In the early months of 2020, Mayor Lori Lightfoot took another step in her administration’s attempt to curb what many Chicagoan’s have come to expect when entering downtown; traffic congestion. Just like any other densely populated city in the world, Chicago has long dealt with the ramifications of traffic congestion. Recently, we discussed the public outcry arising from what is known as “Blocking the Box” in high traffic areas throughout the city; blocking intersections in attempts to turn left on yellow and red traffic lights. While that global issue is certainly in need of a comprehensive approach that looks to a multitude of factors, the reality is that Chicago has a variety of other pressing issues that continue to plague downtown traffic.
In light of these concerns being in the press recently, many expected for an announcement to soon come on how the City would handle such issues. With the news of Lightfoot’s announcement, many should be looking forward to what appears to be a strong plan to curb another critical area that Chicago has been dealing with; bike and bus lane violations. As part of the announcement, Lightfoot proposed a new city ordinance that allows for ticketing agents of the city to take photos of cars or other vehicles that are illegally parked in bike and bus lanes. This approach is in response to what has long been a loophole for violators who simply drive off before ever receiving an actual ticket. At the City Council news conference, Lightfoot stated “there have been instances where people are about to get a ticket and they drive off, so all this does is essentially allow the ticket the ability to take a photograph and use that as evidence is support of a ticket.”
The logistics of the new ordinance are simple. Ticketing agents for the city would be allowed to take pictures of vehicles that are in violation by being parked in bike and bus lanes. The agent would then mail the violation and the photograph of the vehicle to the license holder of the vehicle within 30 days and no longer than 90 days after the Secretary of State’s office establishes who the owner of the vehicle is. If the vehicle happens to be leased, then this deadline would increase to 210 days. As for the cost of violating the ordinance, violators can expect a fine of $60-$150, which is the same amount as the previous law; however, the sole goal with this new ordinance is to ensure that drivers cannot get away with the violation by driving away prior to receiving the ticket.
Chicago’s Recent Uptick in Traffic Congestion Crackdown
For our team, this city ordinance appears to be a long time coming; however, the reality is that while Chicago’s traffic congestion struggles are bad, many individuals are likely going to be wondering just how far the city will go to attempt to resolve issues such as bus and bike lane violations. Lightfoot’s announcement comes on the heels of her administration’s implementation of the Ride-Share Tax that went into effect in the beginning of January. We have written countless times on the reasoning behind such laws and once again we remain optimistic, that these approaches by the City are calculated decisions to benefit the safety of its residents. Based on Chicago Comptroller, Reshma Soni’s interview with The Chicago Sun Times, this once again appears to be the administration’s motivation, and for good reason. “There’s so much of this in the central business district area. We’re trying to do whatever we can to curb congestion. And it’s a safety issue as well. People are opening doors in bike lanes. Also, in bus lanes. Accidents are happening. We’re trying to rectify that,” stated Soni. However, Soni’s statements will likely be met with some criticism as the administration has also had a track record of minimizing fines and violations for non-moving vehicles in an attempt to “create a level playing field, so people in heavy debt can have a clean slate and hopefully stay in compliance.” This understanding and philosophy is in response to the administration’s hardline stance on minimizing scofflaws by what the Chicago Sun Times stated was “expanding payment plans and stopping drivers’ license suspensions for non-moving violations.” So, the question then must be asked, if Lightfoot’s administration is determined to stand for alleviating the burden that non-moving traffic violations have on those in debt, is the new city ordinance the exception or the rule?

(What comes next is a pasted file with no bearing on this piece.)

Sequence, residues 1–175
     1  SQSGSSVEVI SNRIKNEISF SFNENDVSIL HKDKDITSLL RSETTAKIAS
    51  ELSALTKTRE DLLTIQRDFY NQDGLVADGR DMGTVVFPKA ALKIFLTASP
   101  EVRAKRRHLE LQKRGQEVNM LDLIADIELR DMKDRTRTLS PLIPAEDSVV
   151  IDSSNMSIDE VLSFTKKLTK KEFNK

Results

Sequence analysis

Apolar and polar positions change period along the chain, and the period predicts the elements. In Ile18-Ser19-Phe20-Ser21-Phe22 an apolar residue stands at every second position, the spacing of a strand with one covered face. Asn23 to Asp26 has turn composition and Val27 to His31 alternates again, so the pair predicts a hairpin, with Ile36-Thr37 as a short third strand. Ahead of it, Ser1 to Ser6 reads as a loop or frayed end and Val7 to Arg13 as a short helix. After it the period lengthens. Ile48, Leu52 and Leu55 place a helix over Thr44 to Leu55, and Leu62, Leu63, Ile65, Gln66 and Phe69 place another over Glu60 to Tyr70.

In light of the new policies the City is establishing, the clear hope is that resident safety will be put in a far better situation. It cannot go unsaid that having vehicles in bus and bike lanes is a serious issue with serious consequences. Although Lightfoot and her administration have made it well known that they are looking to lessen the burden that such scofflaws have on residents, we should be clear in stating that when it comes to the road, your safety is what is most important. Let’s hope the City maintains that reasoning for good and continues to work to make the streets safer and less congested.